Guns. Knives. Books.


.9mm or 9mm? .30-06 or 30.06?

Posted on December 31, 2013 at 7:00 AM

I was reading an otherwise excellent crime novel (it will remain anonymous) that used ".9mm" to describe a handgun. It also called a rifle a "30.06." Both stopped my eye as a reader and took me out of the story because both are incorrect.


The right way is "9mm" and ".30-06."


It can be confusing, so here are three rules of thumb when writing any firearm.


1) If there's a "mm" after it, there's no "." before it. Common examples would be 7mm (a rifle) and the 9mm (a handgun). The rule applies even with convoluted calibers like the 7.62x39mm.


2) For handguns and rifles when there isn't a "mm" (that stands for "millimeter," by the way), there's always a "." before it. So it's .22, .223, .270 and the like. If the number is busted up, it's divided by a "-" and not a "." as in .30-06.


3) Shotguns are a little different since they're sorted by gauges. They're written like "12 gauge" or "12-gauge" and "20 gauge" or "20-gauge." Just be consistent. The .410 is different since it's the runt of the litter, and is actually identified as a caliber.


Make sense? Yes? No? Leave me questions in the comments.


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Categories: On Writing Guns

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Reply ★ Owner
9:40 AM on January 4, 2014 
You got it, Dana. It helps keep the flow of the story when those details are correct. I think there's such a thing as a reader's high, sort of like a runner's high, where you get in a groove and devour what you're reading. This stuff takes me out of it like a traffic light to a marathon runner.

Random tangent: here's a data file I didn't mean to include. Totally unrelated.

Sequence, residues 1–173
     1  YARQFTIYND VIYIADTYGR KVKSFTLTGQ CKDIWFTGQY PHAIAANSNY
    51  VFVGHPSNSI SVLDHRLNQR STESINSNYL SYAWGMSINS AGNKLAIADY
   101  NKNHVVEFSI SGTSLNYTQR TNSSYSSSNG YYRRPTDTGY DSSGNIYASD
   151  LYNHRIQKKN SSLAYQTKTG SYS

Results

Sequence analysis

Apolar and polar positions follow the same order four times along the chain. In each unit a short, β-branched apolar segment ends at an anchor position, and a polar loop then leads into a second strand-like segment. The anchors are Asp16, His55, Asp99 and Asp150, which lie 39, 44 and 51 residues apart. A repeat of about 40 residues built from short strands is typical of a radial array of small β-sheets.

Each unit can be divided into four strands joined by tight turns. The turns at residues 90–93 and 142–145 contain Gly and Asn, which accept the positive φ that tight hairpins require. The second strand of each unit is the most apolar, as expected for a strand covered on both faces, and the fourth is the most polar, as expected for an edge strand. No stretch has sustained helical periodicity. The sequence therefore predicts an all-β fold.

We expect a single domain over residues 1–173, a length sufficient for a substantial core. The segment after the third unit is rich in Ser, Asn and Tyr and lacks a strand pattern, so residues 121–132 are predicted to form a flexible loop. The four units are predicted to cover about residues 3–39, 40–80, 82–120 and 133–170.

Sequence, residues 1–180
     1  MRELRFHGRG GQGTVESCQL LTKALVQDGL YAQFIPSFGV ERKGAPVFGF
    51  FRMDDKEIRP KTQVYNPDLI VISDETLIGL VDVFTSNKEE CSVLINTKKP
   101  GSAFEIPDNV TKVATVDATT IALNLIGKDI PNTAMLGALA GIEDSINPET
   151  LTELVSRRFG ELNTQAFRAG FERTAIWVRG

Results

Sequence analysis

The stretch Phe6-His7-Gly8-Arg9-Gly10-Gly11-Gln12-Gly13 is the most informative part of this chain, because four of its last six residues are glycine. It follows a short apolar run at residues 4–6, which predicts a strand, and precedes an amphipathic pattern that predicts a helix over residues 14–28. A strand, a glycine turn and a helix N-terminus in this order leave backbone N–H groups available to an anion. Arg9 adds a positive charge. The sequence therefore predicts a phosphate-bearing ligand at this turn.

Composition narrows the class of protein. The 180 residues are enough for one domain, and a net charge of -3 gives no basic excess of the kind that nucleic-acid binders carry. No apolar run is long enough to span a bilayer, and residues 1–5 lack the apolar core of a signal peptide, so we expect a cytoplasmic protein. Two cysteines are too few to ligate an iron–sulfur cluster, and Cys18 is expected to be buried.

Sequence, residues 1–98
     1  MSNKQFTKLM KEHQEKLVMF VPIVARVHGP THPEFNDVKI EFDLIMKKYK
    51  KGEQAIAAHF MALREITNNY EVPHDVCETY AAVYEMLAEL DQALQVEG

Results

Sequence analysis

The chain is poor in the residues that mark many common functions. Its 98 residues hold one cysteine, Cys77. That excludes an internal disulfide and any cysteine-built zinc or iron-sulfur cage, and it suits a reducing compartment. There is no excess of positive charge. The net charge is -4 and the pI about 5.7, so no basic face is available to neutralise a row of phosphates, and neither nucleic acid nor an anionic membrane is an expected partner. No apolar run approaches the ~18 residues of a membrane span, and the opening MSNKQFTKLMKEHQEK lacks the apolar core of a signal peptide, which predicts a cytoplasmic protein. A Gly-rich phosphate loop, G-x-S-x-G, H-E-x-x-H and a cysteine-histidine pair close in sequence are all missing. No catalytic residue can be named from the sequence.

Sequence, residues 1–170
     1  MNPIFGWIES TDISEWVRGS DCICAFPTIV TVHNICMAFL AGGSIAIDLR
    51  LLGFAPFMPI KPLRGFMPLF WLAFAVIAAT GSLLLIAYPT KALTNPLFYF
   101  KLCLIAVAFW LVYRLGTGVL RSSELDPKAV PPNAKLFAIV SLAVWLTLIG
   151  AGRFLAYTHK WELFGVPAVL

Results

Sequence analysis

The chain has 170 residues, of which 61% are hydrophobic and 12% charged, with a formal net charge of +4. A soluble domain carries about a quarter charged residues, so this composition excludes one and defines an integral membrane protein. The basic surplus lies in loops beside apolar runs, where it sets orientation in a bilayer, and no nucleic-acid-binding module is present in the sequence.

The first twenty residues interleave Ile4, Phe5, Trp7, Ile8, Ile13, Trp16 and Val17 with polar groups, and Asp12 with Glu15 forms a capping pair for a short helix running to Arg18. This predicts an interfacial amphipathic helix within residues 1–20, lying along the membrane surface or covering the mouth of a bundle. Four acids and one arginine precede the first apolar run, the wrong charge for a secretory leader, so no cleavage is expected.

Reply Dana King
10:33 AM on January 3, 2014 
Of course it makes sense; common sense. A nine millimeter weapon is nine millimeters, not nine-tenths of one millimeter, as it would be were .9mm correct.

As for inches, caliber is expressed in hundredths (sometimes thousandths) of inches. A .44 is 44/100 inch in diameter; a .380 is 380/1000 of an inch.

It amazes--and pains--me to see how many people who should know better--and claim to know better--make these kinds of mistakes, which only prove they haven't thought even that much about what they're describing.
Reply ★ Owner
8:26 AM on January 3, 2014 
Movies are full of that stuff. I haven't seen 'The Eagle Has Landed," but I will have to now. Another of my favorites is when someone pumps a shotgun for dramatic effect. Yeah, real tough there, buddy, because you just ejected an unspent shell onto the ground!
Reply Joe Brennan
8:17 AM on January 3, 2014 
Speaking of guns there is a scene in the film "The Eagle Has Landed" where Clint Eastwood pulls out a Luger and fires a shot in the air to get attention. He then puts the gun to the head of a German officer and shoots him. Right so what? Well when the last round is fired from this gun, the slide remains back to allow another magazine to be put in and a round slipped into the breach. This is even more noticeable in the Luger because the slide grips rise up as well as going back. When Clint shoots the German he is actually pointing an empty gun at him. Has anyone else noticed this, it has bugged me for years..